Falls Prevention

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Falls Prevention In The Geriatric Population

Falls Prevention In The Geriatric Population


Falls are a major health problem among older adults. In the United States one in three people aged 65 or more living in the community fall at least once a year. This proportion increases to one in two for those over 80 years. Worldwide, adults aged over 70 years, particularly females, have a significantly higher fall related mortality than younger people. The severity of fall related complications also increases with age.

The primary sequelae of falls include fall related injuries, such as fractures and head injuries, and post-fall anxiety. These lead to loss of independence through disability and fear of falling. The reduction in mobility and independence are often serious enough to result in admission to hospital or a nursing home or even premature death.8 9 In the United States in 1994 the total cost of fall injuries for older people was around $20.2bn and is projected to reach $32.4bn (in 1994 US dollars) by 2020.

Although the extensive literature on interventions to prevent falls provides many insights, there is no clear message about how best to prevent falls in older adults. To identify effective interventions and their relative effectiveness in preventing such falls, we conducted a meta-analysis of relevant randomised controlled trials. This approach builds on earlier work, where beneficial interventions are identified by using separate estimates of absolute effectiveness in different study strata.11 Our strategy provides additional insight by applying a global multivariate model, allowing for assessment of the relative effectiveness of each intervention component while controlling for the effect of other components in multifactorial interventions across all studies.( Mulrow, 1994)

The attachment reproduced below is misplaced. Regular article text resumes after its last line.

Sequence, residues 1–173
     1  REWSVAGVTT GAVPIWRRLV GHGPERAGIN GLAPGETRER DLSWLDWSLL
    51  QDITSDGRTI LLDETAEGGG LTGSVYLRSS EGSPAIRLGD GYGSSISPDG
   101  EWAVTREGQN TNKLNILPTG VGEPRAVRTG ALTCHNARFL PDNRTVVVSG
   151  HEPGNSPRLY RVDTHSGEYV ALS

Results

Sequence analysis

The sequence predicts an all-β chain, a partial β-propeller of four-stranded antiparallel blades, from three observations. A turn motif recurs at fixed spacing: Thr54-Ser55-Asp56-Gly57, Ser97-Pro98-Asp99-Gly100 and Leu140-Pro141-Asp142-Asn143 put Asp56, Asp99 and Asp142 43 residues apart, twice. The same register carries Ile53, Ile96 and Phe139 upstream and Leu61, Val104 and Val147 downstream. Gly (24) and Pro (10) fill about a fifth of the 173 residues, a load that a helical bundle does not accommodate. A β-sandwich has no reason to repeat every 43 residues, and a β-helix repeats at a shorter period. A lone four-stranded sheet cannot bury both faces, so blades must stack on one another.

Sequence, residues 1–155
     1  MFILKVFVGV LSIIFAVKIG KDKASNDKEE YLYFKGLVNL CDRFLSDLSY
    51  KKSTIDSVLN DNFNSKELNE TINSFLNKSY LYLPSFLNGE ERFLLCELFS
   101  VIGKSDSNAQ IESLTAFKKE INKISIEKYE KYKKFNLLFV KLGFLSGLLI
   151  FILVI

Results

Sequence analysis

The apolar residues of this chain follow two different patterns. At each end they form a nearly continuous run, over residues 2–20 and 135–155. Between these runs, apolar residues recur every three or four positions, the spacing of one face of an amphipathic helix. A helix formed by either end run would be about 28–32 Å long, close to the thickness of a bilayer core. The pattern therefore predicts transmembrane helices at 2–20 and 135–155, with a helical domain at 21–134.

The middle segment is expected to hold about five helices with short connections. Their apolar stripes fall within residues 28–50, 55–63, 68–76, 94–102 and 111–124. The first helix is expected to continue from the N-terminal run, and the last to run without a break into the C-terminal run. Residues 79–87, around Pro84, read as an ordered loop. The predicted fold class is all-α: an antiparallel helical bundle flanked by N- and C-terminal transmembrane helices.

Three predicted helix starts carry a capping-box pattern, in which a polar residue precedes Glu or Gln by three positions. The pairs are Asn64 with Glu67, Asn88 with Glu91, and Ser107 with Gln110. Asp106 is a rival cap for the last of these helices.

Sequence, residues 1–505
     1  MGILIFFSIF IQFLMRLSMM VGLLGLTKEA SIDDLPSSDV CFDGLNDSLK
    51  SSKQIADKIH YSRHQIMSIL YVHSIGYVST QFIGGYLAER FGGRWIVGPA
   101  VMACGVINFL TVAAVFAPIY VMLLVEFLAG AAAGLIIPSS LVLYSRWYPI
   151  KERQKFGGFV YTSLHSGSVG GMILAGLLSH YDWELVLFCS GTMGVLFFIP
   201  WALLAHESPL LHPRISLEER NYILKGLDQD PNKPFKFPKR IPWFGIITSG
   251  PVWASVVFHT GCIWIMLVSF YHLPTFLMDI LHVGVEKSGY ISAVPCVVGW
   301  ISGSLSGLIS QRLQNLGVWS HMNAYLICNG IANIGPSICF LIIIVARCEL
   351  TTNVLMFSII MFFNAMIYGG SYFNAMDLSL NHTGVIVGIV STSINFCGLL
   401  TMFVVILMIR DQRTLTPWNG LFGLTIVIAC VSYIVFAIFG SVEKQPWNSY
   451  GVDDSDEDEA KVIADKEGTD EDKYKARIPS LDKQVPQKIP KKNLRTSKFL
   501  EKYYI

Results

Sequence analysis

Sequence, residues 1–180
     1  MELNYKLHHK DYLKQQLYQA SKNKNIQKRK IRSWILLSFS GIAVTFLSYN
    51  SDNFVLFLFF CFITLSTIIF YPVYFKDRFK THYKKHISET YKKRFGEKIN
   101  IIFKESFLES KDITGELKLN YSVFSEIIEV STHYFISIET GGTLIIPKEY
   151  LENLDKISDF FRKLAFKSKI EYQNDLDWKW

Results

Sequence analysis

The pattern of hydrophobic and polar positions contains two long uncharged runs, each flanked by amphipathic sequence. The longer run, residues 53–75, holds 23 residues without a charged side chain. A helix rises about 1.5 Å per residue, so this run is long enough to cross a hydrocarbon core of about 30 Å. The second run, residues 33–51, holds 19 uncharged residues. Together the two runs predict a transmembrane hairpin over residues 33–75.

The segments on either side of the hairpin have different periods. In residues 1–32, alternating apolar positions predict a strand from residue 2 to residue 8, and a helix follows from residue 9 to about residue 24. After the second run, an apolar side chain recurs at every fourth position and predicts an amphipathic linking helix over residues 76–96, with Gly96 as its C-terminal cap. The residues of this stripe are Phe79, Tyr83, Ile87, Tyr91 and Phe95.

The categories we identified for intervention programmes to prevent falls were multifactorial falls risk assessment and management, exercise, environmental modifications, and education. A multifactorial falls risk assessment and management programme was defined as a focused post-fall assessment or systematic risk factor screening among individuals at risk tied to intervention recommendations and follow up for risks uncovered. Review of drugs was an important component of nearly all the programmes.( Becker, 2003)

Exercise programmes included both general and specific physical activities. Examples of general physical activity included walking, cycling, aerobic movements, and other endurance exercises. Specific physical activity included training targeted towards balance, gait, and strength.

Environmental modification programmes often included a home visit by a professional, who would check for environmental hazards such as poor lighting or sliding carpets and recommend modifications. Some programmes would also assist with implementation of recommendations.( Jensen, 2003)

Educational interventions targeted individuals, groups, or communities. This could vary from pamphlets and posters at senior centres and nursing homes to more intensive interventions such as one to one counselling about risk factors.

To identify relevant literature, we checked the reference lists from 82 reviews and reference lists obtained from the American Physical Therapy Association, American Geriatrics Society, and experts. The Cochrane Library was searched in 2002. We also searched Medline, Ageline, Embase, CINAHL, and PsycINFO databases from 1992 to 2002 using the search terms accidental falls, falling, or fall ...
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